Posted on: August 10, 2023, 07:51h.
Last updated on: August 10, 2023, 07:51h.
Flutter Entertainment, the parent company of Sportsbet, has released a financial report revealing a minor decrease in revenue for the first half of the year. This decline can be attributed to new taxes and increased marketing expenditures.
Sportsbet remains the dominant player in the Australian sports betting industry in terms of both revenue and bettors, despite experiencing a slight decline in revenue.
According to Flutter’s report, Sportsbet generated $765 million in revenue during the first half of the year, which is 2% lower than the previous year. Adjusted operating profit also dropped by 31%, reaching $181 million.
Additionally, adjusted EBITDA declined by 28% to $201 million compared to the previous year, even though Sportsbet attracted more registered accounts.
More Players, Less Revenue
Although Sportsbet witnessed a 7% year-on-year increase in its average monthly players, reaching 1.06 million, this growth was insufficient to offset the increased expenses.
Flutter highlighted in its update that the introduction of higher point-of-consumption tax (POCT), as recently implemented in Victoria, has slowed down the company’s growth. The increased cost of sales, as a percentage of revenue, now stands at 52.8%.
In May, Victoria announced its second increase in POCT within three years. The tax will rise to 15% in July of the following year, resulting in an additional annual cost of $34.4 million for Sportsbet, according to Flutter.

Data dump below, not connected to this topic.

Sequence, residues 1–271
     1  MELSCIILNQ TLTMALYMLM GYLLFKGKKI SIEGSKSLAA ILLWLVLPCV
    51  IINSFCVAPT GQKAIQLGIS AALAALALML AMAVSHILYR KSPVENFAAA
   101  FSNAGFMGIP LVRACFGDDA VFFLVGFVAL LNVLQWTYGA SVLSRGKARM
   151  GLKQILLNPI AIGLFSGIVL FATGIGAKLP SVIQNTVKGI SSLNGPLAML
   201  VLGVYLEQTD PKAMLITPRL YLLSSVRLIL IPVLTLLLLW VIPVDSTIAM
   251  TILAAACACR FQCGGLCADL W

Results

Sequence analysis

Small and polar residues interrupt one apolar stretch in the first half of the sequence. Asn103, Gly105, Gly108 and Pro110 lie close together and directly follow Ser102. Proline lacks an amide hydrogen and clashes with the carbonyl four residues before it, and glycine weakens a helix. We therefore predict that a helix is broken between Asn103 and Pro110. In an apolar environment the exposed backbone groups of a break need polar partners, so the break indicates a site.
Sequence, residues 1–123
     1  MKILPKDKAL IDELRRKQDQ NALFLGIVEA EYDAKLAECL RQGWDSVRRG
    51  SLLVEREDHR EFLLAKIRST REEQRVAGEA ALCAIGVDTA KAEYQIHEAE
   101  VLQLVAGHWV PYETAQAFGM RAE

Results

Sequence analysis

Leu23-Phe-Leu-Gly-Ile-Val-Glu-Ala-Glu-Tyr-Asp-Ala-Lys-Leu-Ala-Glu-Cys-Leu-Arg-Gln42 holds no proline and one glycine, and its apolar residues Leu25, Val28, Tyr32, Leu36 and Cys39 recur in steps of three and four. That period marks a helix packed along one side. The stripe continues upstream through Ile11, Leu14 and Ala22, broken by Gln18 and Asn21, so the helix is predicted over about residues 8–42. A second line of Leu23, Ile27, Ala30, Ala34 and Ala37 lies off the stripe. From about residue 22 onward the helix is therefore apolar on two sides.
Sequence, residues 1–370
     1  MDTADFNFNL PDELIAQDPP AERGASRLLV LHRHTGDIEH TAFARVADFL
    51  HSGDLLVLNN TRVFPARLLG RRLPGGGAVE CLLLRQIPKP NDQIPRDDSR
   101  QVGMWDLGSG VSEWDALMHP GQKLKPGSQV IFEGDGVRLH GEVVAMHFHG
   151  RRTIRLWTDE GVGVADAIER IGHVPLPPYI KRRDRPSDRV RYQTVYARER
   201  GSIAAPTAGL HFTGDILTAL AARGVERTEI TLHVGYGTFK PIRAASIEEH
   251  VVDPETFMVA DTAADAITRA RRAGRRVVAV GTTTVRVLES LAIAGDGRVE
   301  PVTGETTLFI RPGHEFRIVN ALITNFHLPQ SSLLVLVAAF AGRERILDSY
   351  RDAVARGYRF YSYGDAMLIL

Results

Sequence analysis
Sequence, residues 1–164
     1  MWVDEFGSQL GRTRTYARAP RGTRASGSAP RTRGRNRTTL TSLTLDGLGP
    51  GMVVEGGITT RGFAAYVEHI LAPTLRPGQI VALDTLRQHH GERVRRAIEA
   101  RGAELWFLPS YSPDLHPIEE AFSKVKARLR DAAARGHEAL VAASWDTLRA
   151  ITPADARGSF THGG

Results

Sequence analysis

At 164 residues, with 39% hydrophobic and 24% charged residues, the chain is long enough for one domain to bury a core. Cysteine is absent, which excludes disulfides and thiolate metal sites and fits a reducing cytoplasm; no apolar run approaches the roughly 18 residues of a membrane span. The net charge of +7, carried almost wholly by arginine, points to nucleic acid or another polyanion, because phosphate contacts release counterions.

Although first-half betting in Australia usually experiences a slowdown in the second quarter, Sportsbet utilized this period to focus on marketing, contributing to the slight decline in revenue.
During the first six months of the year, Sportsbet increased its marketing expenditure by $12.82 million compared to the previous year, attracting more players, albeit not high-spending ones.
Market To Get Tougher
Australia is currently undergoing updates to its gambling and betting regulations, following a global trend. However, anti-gambling advocates appear to be gaining traction.
One significant reform on Australia’s agenda is the potential removal of gambling ads from TV, radio, and online platforms. Tim Costello, a prominent anti-gambling lobbyist in the country, is once again advocating for this ban and pressuring the government to comply.
Costello claims that gambling ads are “grooming kids” to become bettors or gamblers, a sentiment supported by various media outlets.
However, not all broadcasters agree with a complete ban. Free TV Australia, a trade group representing over-the-air broadcasters, is urging the government to reconsider, warning that an ad ban could result in the loss of sports coverage on free channels.
Furthermore, a comprehensive ban may not achieve the desired outcomes for the government and anti-gambling activists. Several studies, including one conducted by Jon Nelson, an economics professor emeritus, have not found conclusive evidence that bans are effective.
Nelson’s research focused on the impact of bans on alcohol and tobacco, and he concluded that they do not effectively curb underage drinking and smoking. He stated, “My conclusion is that the emphasis on advertising bans and similar regulations in the public health literature is misplaced.”
Instead, education has proven to be an effective approach. Educating young people about the positive and negative aspects of gambling has consistently yielded the best results.